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Clothes that Grow, 3D Printing from Waste and More: The Circular Economy in Practice

Earth Overshoot Day - the day we use up more resources in a year than the earth can regenerate - fell as early as August 8th this year. 

This is a direct consequence of our current economic system, which is structured such that we take resources from the earth, make them into products, and dispose them off after use.

With resource scarcity, pollution and overflowing waste on one hand, and the need to sustain economic development on the other - can we reimagine our economy to be something that actually... works?
The circular economy offers a framework to do just that.

What is the circular economy?

To begin understanding what the circular economy is, first understand what it’s not, says Ellen Macarthur Foundation’s Emma Fromberg in her DIF session. The circular economy is the antithesis of the current linear “Take-Make-Dispose” model – it is a system that aims at “closing the loop” of resource flows in our economy, to endlessly regenerate resources and always keep materials at their highest value, just like nature does.
The CE goes far beyond being “recycling on steroids”.
This essentially involves circulating resources in flows such that: (a) renewables (such as water, cotton) used in the production cycle are returned safely back to nature after use, and (b) finite materials (such as metals) are kept in closed loops for as long as possible.

The circular economy in practice

Following this framework and attempting to fix the economy is no breezy task – it requires unprecedented collaborations between unlikely actors. But it also offers enormous opportunities for those who are able to capitalize on this challenge.

The circular economy finds applications much beyond recycling or refurbishing at the end of a product’s life. In fact, the amount of waste created is largely dictated by the design and material choices of a product. The circular economy framework provides interventions at all stages of the product cycle, beginning right from design, to business models, and reuse or remanufacturing at its end:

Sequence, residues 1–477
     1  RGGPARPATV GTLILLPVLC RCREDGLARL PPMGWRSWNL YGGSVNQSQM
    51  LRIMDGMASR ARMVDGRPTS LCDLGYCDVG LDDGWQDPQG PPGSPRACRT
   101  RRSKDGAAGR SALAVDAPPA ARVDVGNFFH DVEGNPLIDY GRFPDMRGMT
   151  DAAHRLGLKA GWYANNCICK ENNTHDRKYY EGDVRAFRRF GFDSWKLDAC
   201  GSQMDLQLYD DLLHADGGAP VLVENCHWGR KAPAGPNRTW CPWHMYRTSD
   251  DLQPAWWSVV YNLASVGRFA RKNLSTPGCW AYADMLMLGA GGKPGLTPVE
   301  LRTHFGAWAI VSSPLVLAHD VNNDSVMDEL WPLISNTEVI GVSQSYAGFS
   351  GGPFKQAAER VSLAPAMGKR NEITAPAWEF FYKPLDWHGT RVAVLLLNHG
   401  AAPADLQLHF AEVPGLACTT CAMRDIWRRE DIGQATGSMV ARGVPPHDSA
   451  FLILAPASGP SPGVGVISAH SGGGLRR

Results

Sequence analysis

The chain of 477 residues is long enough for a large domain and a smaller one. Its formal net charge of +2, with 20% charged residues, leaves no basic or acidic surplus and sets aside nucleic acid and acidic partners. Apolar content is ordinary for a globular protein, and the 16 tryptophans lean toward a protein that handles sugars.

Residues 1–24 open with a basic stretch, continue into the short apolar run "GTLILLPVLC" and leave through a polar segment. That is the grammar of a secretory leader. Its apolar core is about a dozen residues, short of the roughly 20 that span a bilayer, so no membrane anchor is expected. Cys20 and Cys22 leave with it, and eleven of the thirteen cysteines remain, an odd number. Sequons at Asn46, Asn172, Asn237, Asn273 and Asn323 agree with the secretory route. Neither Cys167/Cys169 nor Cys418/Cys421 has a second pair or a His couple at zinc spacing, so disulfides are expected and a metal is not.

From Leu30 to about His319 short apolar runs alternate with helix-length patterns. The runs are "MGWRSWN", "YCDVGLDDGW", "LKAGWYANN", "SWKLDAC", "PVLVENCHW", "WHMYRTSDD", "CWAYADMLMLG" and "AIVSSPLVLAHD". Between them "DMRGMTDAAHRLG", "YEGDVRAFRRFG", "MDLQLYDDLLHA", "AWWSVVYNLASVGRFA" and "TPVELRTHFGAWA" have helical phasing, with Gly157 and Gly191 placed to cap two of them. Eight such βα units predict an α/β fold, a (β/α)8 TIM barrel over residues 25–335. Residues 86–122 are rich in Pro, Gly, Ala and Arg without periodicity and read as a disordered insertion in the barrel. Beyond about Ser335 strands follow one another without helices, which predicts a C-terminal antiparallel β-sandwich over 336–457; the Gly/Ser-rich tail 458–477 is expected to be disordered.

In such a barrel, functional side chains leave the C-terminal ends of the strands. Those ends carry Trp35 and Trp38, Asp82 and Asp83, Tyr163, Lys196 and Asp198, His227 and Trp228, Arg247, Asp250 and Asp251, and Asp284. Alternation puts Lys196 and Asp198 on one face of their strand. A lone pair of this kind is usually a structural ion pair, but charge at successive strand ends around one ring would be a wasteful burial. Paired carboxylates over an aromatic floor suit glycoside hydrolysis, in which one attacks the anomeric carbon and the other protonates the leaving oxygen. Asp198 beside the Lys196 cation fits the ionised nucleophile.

1. Designing a product

Petit Pli is a clothing range designed for fast growing infants that completely eliminates the wasteful purchase and throwing of new clothes - by designing garments that actually expand to fit a growing child.

2. Selecting materials

Plastic. Why use a material that lasts practically forever, for making a cup or bottle we only use for a few minutes? CBPAK’s bio-based materials for single-use containers can be returned to the earth after use.
                                            
“I was cassava”: Compostable cups made from (otherwise wasted) parts of the cassava plant

3. Selling and using products: New business models

Instead of purchasing lights upfront, paying to maintain and then ultimately dispose the lights, some offices now pay Philips “per lux” for light as a service.

4. Recovering material value at end of use

Protoprint is an Indian company that processes used HDPE plastic waste (containers, bottles, etc) into highly profitable filaments for 3D printers - valorising what would’ve otherwise gone to landfill at the end of the cycle, and providing better livelihoods for waste-pickers.
Protoprint turns plastic waste into 3D filament, while creating positive social impact

The circular economy clearly offers a chance to innovate and capitalise on disruptive ideas across the product life-cycle, while considering a systems approach. The Disruptive Innovation Festival showcases many more such exciting opportunities and case studies for the circular economy. At Infinitive, we’re bringing these opportunities to the Indian context through curated content and workshops as part of our outreach activities with the Disruptive Innovation Festival.

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To learn more about the circular economy, check out the engaging DIF Learner’s Journey series; or an intro to the Circular Economy in 30 Minutes. Read fascinating case studies for circular initiatives at each stage of the product cycle compiled by the Ellen Macarthur Foundation, and in other DIF sessions.

This post was written as part of an engagement with Infinitive, with inputs from Pavithra Mohanraj and Priyal Shah. Cross-posted from LinkedIn.

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